The restaurant: My understanding is that Tapas Molecular Bar (TMB) was set up by Jeff Ramsey, originally sous-chef under Jose Andres at Washington DC molecular restaurant Minibar. However, as of 2012, Jeff Ramsey has left the kitchen, and it is now being helmed by Chef Koichi Hashimoto. Hashimoto-san was in the kitchen when I was there, and there was nothing but a glass box, containing the ingredients to be used in our dinner (dramatic foreshadowing) separating us 7 diners and Hashimoto and his British assistant chef Aaron Cardwell. The mise-en-scene (prior preparation) had already been assembled before our arrival.

Pre-meal, I was treated to a fantastic view over Tokyo in the bar area.

TMB is not an original act. It was highlighted in Nathan Myhrvold’s Modernist Cuisine as one of the prime offenders in copying ideas wholesale. Many of the dishes from reports in 2010 seem to have been copied from Minibar by Jose Andres in Washington DC, and I counted at least one dish on the night that was recognisably another restaurant’s (Mugaritz’s stone potato). My impression thus is that the chefs are skilled executors rather than creative forces in their own right.

The people: Two international East Asian yuppie bankers to my left, and a well-heeled Houston family of 4 to my right.

The environs: Nihombashi is a very upscale area, with swanky hotels and glitz restaurants, right north of the Ginza district. Right on the ground floor is the Tokyo HQ of fine-fruit purveyors Sembikiya. In Japan, fruit is considered a gift item. I have heard it speculated that it is because in Europe, the hard water led to fruit becoming a necessity as a vessel for clean water content, and Japan’s soft water made fruit unnecessary as a water vessel, and thus fruit acquired a luxury position. This reasoning sounds like fruitcake to me (luxury fruit in Japan is an at most two centuries old phenomenon, see this BBC article on Sembikiya, which traces back its history only to the 19th century, and soft water would be a fact of Japanese agriculture for millennia.)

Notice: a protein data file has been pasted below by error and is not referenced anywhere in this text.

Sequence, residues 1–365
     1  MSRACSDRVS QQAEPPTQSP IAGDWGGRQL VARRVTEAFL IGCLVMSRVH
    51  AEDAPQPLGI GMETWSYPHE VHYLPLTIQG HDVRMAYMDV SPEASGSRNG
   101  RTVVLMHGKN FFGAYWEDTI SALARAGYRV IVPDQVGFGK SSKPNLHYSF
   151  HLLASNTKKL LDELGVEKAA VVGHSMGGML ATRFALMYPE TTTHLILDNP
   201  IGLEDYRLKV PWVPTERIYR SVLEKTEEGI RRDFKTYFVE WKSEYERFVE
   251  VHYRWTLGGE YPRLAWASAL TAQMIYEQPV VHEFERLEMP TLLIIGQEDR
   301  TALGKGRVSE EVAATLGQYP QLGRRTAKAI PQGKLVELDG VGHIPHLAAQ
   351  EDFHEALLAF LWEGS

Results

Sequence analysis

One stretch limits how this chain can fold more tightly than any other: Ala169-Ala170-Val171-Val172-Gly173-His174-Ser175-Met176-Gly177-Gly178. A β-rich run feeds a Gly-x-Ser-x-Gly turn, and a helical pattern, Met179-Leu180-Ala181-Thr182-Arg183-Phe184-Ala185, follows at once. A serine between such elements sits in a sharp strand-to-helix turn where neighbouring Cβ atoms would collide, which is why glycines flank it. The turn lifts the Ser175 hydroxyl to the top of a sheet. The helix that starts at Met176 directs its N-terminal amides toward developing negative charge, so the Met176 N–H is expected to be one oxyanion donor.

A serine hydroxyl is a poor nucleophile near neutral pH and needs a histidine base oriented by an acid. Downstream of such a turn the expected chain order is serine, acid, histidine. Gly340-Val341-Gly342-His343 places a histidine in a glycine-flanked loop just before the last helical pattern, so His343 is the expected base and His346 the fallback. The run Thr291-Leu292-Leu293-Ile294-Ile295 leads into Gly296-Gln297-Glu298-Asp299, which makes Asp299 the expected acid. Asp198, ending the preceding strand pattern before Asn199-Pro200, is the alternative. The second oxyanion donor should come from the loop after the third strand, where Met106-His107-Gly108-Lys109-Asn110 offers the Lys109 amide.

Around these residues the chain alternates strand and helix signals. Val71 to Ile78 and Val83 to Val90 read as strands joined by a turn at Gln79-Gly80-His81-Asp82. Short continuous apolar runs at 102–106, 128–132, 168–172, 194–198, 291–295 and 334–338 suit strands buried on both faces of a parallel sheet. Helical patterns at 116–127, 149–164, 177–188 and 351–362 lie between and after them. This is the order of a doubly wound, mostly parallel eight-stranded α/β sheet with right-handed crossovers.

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“dear me, if that isn’t a gold durian…”
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Spectacular views over Tokyo

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the menu

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Cherry Bonbon

Cherry with a bonbon liquid bomb of liqueur inside, coated with jello on the outside.

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Stone Potato (5/5)

Four stones, but only one is a potato. Chorizo sauce in a industrial-looking tube, and salt on a rock plate.

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I picked the right one!

This is a very labour-intensive carnival piece. Each potato is baked with flour water brushed on top, 3-4 times each to get the desired stoney effect. For pure whimsy this dish was a home-run. This dish is the infamous stone potato of Mugaritz restaurant in Spain.

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Chefs and their alginate.

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The alginate beads are used to form a pea risotto, with a bit of ham mixed in. It was a decent combination, and the value of the dish lay primarily in its theatrical creation. Green-pea with sodium(?) alginate  is dropped into calcium chloride(?),  which causes spherification to happen. I was expecting a skin to form on the pea, but the alginate forms the beads without any membrane whatsover.

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Fromage Blanc, Flower and Butterfly (4.25/5)

A very pretty plating, but somewhat lacking in cohesion of tastes: the butterflies were made of sugar, the vinaigrette made of raspberry, and the foam a honey rosewater concoction, on top of some fromage blanc.

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Spring Landscape (4.75/5)

Lightly tempura-battered veggies, made to look like an enchanted forest, crumble of black garlic (which has a natural taste of wolfsberry, as I later found out) and onion, naturally fermented. A delicious combination

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Green Laver, Razor Clam, and Yuzu (3.75/5)